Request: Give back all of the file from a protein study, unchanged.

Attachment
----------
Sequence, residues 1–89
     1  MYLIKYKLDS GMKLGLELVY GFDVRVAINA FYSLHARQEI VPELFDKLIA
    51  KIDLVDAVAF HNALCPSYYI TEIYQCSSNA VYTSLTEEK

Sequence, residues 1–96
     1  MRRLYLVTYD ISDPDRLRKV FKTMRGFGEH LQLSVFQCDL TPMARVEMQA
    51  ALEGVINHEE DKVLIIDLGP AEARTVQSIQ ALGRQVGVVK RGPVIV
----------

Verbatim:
Sequence, residues 1–89
     1  MYLIKYKLDS GMKLGLELVY GFDVRVAINA FYSLHARQEI VPELFDKLIA
    51  KIDLVDAVAF HNALCPSYYI TEIYQCSSNA VYTSLTEEK

Sequence, residues 1–96
     1  MRRLYLVTYD ISDPDRLRKV FKTMRGFGEH LQLSVFQCDL TPMARVEMQA
    51  ALEGVINHEE DKVLIIDLGP AEARTVQSIQ ALGRQVGVVK RGPVIV